THE STATESMEN and diplomats announced the end of the Bosnian war Tuesday, applauding and congratulating one another on the achievement. But a look at the documents they initialed raises hard questions, including whether there will be only a temporary truce, with the final partition of Bosnia-Herzegovina the end result.
In theory, the accords hammered out here during three weeks of intense U.S.-led talks preserve a single, multiethnic state, but they skirt the entire question of military power.
"The principal anomaly of the agreement is that you will have two-plus armies," a White House official told Newsday shortly before the talks came to a close. He referred to the weakly equipped Bosnian army, which the United States plans to train and arm; the Bosnian Serbs, who are well-equipped by Serbia; and the Bosnian Croats, who are well-armed and supported by neighboring Croatia.
His remark suggests Bosnia may ultimately divide not into two, but three, separate entities.
"Having two armies is unlike anything that exists in the world today. It is one of the question marks over the viability of everything," the official added.
This is not only the biggest difficulty in the accord but it also raises questions for the plan by President Bill Clinton's administration plan to deploy 20,000 U.S. troops as part of a NATO force three times that size to implement the accord.
The purpose of the force is described as keeping the sides apart by patrolling a zone of separation. It is to be deployed on Bosnian government territory but is also supposed to circulate freely even in the Serb-held area, an activity that most observers of the region believe will be highly risky. But it is unclear what is to stop the government and Bosnian Serbs from attacking each other if NATO departs Bosnia as scheduled after a year.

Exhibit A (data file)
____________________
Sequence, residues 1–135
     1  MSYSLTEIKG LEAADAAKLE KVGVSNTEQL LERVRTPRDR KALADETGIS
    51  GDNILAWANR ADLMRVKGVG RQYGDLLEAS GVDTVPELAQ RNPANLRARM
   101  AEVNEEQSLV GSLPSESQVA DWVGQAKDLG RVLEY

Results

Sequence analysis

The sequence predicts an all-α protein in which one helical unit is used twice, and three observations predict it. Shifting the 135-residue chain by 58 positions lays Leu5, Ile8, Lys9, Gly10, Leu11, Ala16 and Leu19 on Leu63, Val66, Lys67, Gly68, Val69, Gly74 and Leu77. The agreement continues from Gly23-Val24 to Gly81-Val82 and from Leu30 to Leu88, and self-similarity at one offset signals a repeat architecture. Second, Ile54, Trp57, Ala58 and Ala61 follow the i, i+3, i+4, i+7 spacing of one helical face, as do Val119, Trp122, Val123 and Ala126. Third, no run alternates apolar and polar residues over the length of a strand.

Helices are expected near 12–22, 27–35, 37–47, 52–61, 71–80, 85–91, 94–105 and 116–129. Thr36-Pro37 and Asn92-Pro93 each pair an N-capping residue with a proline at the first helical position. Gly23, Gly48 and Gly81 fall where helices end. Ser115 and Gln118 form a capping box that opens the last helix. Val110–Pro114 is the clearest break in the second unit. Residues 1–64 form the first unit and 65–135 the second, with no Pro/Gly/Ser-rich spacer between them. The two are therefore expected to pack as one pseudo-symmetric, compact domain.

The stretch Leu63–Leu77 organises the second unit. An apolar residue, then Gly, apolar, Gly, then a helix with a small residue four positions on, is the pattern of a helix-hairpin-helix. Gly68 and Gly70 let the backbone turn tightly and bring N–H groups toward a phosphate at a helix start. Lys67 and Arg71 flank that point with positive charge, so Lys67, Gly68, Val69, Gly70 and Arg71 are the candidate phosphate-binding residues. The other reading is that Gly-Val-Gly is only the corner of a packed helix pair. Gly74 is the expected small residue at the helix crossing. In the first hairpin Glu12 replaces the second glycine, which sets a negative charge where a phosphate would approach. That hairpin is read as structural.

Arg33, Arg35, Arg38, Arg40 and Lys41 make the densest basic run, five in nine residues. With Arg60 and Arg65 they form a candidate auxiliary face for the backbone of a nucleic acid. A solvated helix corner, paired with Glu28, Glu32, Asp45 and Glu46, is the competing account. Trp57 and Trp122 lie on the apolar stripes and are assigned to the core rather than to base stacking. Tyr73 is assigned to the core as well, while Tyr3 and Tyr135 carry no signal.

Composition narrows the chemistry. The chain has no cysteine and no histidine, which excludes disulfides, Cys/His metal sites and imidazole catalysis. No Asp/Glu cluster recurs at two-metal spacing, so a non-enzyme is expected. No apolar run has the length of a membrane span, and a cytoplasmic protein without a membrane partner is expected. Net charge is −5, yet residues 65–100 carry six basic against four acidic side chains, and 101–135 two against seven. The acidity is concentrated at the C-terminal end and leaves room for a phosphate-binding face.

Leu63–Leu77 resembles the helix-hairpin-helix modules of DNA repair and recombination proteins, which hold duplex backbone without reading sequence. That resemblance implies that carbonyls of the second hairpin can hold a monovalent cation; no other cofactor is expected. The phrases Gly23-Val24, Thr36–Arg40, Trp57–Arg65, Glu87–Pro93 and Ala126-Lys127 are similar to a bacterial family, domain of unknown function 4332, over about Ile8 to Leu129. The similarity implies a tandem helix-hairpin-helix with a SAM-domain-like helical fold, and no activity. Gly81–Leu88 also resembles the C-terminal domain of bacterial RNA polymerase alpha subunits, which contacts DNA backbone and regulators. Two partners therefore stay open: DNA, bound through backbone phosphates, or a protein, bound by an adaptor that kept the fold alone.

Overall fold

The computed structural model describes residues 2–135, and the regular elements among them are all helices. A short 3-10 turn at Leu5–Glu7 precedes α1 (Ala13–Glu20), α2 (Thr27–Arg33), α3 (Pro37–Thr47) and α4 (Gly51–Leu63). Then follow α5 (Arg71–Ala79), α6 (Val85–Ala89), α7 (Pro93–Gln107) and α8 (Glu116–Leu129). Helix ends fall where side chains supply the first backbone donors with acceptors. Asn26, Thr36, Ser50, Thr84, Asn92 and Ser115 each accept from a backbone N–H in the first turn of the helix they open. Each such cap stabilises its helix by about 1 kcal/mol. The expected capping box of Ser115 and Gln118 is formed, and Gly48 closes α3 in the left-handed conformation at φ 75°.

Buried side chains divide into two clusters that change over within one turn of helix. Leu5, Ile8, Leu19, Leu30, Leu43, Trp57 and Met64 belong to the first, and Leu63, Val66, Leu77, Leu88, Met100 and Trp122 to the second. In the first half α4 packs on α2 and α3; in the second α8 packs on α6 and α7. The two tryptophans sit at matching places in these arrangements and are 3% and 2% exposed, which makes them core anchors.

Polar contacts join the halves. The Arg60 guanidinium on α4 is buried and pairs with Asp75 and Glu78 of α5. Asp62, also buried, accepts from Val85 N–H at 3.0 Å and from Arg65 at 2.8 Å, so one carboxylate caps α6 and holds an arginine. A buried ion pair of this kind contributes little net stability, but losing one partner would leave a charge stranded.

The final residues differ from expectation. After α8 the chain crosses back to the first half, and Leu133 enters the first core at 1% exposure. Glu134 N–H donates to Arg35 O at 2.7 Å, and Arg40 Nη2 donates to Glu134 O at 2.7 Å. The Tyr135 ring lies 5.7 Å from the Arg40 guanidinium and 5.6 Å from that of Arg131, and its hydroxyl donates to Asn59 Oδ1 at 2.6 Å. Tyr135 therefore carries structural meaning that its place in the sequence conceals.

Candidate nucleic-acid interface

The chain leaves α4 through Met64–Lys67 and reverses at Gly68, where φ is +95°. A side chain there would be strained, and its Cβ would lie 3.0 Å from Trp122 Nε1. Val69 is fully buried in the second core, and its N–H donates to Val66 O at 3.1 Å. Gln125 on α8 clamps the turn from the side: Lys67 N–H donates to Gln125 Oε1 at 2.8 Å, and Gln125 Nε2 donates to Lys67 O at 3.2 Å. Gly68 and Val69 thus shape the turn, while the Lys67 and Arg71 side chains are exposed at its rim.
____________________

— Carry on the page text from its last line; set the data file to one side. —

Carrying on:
To address the problem that local police in the Serb areas supervised the concentration camps and organized the killing and raping, a force of several thousand Western police is to be deployed to select and train new police forces. But at the end of the talks, the United States dropped its insistence that Western police have absolute authority over the selection process.
"Milosevic has promised to help us," the White House official said, referring to Serb President Slobodan Milosevic. "But there is an element of risk. It is possible that some aspects won't play out as we hope."
The map, worked out in five days, appears to include two corridors - one Serb and one Bosnian government - but corridors are militarily vulnerable constructions, which in the case of the Polish Corridor after World War I and the Berlin corridors during the Cold War were constant focuses of tension. …